State stands to gain millions in trans-Alaska pipeline settlement
The State of Alaska is moving to settle a legal dispute involving the transport costs oil companies pay to pump petroleum through the trans-Alaska pipeline, a step officials say would immediately take in hundreds of millions of dollars and bolster the tax value of North Slope crude.
The proposed settlement, announced Thursday by the state Department of Law, involves more than 20 cases regarding tariffs for transporting oil charged by pipeline operator Alyeska Pipeline Service Co. between 2009 and 2015. Because tariffs are deducted from the taxable value of oil, higher tariff rates mean less money flowing into the state’s coffers.
According to the state, the lawsuits hinged on whether APSC improperly incorporated more than $600 million in “strategic reconfiguration” costs of modernizing pipeline equipment into tariff rates. Another key question was whether the oil companies which own APSC – including the “Big Three” producers BP, ConocoPhillips and ExxonMobil – could recover previously paid property taxes on the pipeline in the future.
“As a result of litigating these questions, the state already collected approximately $224 million of additional revenue,” state officials wrote. “However, these matters were under review by two appellate courts. This settlement would bring those matters to a close.”
Under the terms of the deal, the state will keep the $224 million already collected; APSC’s owners also promise never to recover the “strategic reconfiguration” costs through tariff rates. The settlement also includes a framework for determining future interstate tariff rates through 2021.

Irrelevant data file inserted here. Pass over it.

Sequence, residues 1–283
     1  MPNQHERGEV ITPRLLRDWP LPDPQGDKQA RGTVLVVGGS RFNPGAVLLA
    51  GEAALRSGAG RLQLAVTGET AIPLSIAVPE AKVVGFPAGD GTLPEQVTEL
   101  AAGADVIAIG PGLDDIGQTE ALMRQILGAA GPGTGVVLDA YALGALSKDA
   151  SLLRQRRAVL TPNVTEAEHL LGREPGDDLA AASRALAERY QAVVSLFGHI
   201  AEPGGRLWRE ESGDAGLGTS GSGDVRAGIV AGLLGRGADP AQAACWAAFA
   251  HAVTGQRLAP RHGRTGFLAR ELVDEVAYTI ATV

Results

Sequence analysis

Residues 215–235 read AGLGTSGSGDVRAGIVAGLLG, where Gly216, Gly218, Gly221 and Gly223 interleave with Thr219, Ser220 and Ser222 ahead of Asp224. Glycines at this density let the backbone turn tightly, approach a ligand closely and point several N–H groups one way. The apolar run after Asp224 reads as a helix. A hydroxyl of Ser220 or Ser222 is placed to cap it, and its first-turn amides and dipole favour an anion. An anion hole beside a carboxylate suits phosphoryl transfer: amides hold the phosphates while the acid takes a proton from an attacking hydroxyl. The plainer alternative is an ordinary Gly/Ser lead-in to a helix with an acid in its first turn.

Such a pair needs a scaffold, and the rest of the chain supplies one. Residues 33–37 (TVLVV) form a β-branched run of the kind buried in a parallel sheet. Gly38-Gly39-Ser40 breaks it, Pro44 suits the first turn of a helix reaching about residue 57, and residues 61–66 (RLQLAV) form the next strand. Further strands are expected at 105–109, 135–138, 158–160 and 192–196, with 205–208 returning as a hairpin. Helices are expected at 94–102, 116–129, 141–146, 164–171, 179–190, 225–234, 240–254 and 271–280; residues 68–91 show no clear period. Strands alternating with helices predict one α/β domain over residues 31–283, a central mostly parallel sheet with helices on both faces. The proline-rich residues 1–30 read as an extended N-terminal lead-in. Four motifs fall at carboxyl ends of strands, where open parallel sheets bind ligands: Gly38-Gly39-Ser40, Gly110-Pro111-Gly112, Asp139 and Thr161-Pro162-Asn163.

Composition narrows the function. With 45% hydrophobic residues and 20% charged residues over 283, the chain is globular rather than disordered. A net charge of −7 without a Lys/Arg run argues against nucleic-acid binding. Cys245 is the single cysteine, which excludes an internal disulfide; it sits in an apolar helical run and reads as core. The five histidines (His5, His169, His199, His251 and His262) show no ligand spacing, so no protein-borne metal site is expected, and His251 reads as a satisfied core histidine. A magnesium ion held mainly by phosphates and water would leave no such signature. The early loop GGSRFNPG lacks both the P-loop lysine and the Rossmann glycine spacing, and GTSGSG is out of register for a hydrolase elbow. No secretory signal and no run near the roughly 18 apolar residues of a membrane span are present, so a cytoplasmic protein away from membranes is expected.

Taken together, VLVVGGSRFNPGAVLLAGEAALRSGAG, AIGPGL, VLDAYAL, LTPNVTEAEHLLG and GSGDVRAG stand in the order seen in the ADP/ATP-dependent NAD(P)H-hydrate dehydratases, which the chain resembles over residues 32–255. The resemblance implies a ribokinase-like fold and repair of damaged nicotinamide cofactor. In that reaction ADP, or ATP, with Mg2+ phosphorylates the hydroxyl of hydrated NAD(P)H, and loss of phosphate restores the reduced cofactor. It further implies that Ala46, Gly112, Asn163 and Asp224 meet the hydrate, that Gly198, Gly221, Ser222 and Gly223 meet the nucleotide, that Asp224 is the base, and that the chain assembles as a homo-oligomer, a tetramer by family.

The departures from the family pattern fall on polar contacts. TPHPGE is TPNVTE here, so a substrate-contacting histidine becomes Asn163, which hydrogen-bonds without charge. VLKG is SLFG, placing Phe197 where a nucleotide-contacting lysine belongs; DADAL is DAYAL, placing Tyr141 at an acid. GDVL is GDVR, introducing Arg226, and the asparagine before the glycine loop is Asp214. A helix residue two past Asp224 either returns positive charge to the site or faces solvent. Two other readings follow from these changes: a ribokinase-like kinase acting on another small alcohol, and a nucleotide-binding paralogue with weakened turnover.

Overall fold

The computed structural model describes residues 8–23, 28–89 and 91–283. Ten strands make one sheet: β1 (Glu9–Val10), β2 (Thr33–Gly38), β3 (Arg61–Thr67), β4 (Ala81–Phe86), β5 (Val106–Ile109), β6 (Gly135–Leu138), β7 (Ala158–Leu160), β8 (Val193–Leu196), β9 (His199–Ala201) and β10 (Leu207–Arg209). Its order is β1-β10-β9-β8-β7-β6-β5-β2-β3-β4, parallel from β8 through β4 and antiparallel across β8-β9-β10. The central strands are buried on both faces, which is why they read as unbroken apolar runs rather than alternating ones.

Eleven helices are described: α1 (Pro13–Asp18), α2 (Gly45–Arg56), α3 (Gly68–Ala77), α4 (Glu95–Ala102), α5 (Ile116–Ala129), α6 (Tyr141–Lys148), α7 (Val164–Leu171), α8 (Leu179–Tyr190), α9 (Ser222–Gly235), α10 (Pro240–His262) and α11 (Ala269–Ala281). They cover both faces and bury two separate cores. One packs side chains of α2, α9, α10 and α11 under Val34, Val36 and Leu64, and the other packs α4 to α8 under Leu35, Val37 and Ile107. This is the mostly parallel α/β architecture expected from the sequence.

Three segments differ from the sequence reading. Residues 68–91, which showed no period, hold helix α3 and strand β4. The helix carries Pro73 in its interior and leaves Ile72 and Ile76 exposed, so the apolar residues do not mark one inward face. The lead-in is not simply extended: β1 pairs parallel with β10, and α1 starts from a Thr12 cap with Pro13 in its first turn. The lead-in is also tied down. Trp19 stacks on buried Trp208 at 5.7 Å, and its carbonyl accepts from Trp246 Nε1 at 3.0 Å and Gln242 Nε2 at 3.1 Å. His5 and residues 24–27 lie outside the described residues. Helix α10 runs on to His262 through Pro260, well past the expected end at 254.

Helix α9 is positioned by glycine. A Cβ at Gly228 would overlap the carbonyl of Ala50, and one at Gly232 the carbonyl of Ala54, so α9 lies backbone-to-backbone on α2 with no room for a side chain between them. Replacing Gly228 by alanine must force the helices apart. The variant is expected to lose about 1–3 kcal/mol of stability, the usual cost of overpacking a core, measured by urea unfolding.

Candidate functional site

“This settlement is a great result for the state,” Alaska Attorney General Jahna Lindemuth said in Thursday’s statement. “It creates certainty going forward, avoids future litigation, and will provide additional taxes and royalties – bringing needed money to the state treasury.”
Assistant Attorney General John Ptacin said that the cases, which have been litigated ever since 2009’s tariff rates were announced, entered settlement talks about two years ago. While the state receives stability on future tariff rates, the flexible framework of the 2021 agreement offers the pipeline owners the ability to fully recover justifiable costs associated with the pipeline.
“One of the things that was most important to them was entering what is called variable tariff methodology,” Ptacin said.
Those costs will be reviewed by the state, which counts excluding the “strategic reconfiguration” costs from tariff rates as a victory.
“The state will look at operating and capital costs to ensure that only just and reasonable rates get put into TAPS tariff costs,” Ptacin said. “That was a very key part of the settlement for the State of Alaska.”
APSC staff deferred a request for comment to the company’s owners.
The Regulatory Commission of Alaska, as well as the Federal Energy Regulatory Commission, must approve the settlement before it is finalized. The state plans to file approval requests with both bodies Friday.
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